Search
Close this search box.

More than 400 Join TIES to Develop Federal STEM Recommendations 

The chat box was overwhelmed within minutes of the launch of Tuesday’s first STEM Learning Ecosystem Community of Practice’s Town Hall to collect ideas for what the Biden-Harris administration can do to improve STEM for all.

“We’ve waited a long time for this,” one attendee wrote. 

“It’s time for science to again take center stage in our country,” another commented.

“We’re grateful for a chance to have our voices heard,” wrote an attendee.

More than 400 people joined the conversation, posing questions, ideas and hopes for how the next administration can improve STEM, making it more equitable and accessible for all.

Erik Nikolaus Martin, senior policy advisor of the Day One Project and Melissa Moritz, deputy director, STEM, U.S. Department of Education for the Obama-Biden Administration, guided STEM leaders, teachers, business officials, parents, students, out-of-school time educators and those from government and philanthropy about how they can channel their ideas into actionable and practical steps for the next administration.

Read more about the Day One Project here.

“You’ll talk to a lot of people and you’ll hear a lot of what’s wrong with the system, but it is very hard to get a specific and actionable policy change that should be enacted and could be enacted with who is supposed to own the decision,” Martin said.

Tuesday’s Town Hall meeting, organized by TIES and moderated by Jeremy Shorr, as well as the Town Hall scheduled for Thursday are being combined with a series of other data collection efforts to gather concise, actionable ideas ready for implementation. TIES will then compile a comprehensive report on behalf of the STEM Learning Ecosystems Community of Practice with recommendations for STEM policies for the nation.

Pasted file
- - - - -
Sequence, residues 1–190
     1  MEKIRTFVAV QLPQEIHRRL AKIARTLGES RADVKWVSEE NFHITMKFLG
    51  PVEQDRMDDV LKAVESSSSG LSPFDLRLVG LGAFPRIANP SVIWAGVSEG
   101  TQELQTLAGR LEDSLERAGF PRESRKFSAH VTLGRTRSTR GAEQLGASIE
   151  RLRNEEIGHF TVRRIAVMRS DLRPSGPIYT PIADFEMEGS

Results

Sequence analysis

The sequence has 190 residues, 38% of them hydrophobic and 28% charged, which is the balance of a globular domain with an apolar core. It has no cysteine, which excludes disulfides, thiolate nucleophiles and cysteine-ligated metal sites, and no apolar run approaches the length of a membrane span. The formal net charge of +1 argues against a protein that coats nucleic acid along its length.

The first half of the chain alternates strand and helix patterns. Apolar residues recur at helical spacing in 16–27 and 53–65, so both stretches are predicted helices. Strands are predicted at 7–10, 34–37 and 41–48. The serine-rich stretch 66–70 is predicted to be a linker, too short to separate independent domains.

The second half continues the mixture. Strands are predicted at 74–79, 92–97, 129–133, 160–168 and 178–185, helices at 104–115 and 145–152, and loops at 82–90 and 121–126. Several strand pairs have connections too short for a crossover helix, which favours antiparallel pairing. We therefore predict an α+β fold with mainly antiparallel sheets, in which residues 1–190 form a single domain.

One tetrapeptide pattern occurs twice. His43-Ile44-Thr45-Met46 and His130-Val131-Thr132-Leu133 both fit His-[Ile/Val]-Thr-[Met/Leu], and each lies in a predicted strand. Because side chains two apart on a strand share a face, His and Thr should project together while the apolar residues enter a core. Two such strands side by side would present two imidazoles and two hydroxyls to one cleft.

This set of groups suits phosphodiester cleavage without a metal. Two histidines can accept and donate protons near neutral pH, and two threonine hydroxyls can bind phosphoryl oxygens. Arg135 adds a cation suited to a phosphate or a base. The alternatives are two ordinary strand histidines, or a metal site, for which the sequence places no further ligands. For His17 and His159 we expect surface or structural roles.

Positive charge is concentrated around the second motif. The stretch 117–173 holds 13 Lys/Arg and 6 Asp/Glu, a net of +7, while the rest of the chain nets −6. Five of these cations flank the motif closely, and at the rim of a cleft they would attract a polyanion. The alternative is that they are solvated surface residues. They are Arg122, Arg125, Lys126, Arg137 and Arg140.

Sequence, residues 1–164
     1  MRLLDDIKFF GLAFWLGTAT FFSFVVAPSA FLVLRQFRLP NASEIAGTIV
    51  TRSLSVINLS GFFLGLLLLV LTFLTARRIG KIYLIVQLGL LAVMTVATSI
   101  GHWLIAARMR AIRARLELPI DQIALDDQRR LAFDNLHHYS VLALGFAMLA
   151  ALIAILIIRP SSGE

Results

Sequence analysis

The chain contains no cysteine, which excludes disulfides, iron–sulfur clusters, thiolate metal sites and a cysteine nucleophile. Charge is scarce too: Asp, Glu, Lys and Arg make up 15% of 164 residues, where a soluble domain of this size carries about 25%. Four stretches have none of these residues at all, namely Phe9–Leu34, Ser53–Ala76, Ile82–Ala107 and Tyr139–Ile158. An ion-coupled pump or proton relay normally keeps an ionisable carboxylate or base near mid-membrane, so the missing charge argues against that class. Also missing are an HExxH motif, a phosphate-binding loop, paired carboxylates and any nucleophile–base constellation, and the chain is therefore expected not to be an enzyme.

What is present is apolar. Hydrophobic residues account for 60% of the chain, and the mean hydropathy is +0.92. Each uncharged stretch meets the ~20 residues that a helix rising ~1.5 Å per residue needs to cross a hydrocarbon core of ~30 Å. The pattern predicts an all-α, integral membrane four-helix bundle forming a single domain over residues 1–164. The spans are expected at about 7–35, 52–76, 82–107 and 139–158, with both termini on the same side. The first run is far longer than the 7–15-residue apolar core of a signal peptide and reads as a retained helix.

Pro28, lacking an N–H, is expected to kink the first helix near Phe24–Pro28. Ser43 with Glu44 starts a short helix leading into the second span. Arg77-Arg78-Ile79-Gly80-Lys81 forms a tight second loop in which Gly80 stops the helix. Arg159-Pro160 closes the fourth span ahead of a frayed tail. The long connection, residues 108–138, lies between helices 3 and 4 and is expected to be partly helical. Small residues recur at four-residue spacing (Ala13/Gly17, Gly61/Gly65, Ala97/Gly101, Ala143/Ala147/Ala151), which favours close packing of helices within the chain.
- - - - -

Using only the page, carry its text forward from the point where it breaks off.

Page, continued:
The top three questions that the group is exploring are:

If you had 15 minutes with the President-Elect…

  • What would you offer as actionable strategies for improving equity and access to STEM education and stronger STEM career pipelines in your communities?
  • What would you suggest the administration do to advance state, regional and local STEM priorities and initiatives that improve lives and communities? 
  • What would you offer for strategies to eliminate barriers to early childhood STEM education? (Are there steps for better teacher preparation for teaching STEM etc.)

Read the chat notes here.

Read the chat notes here.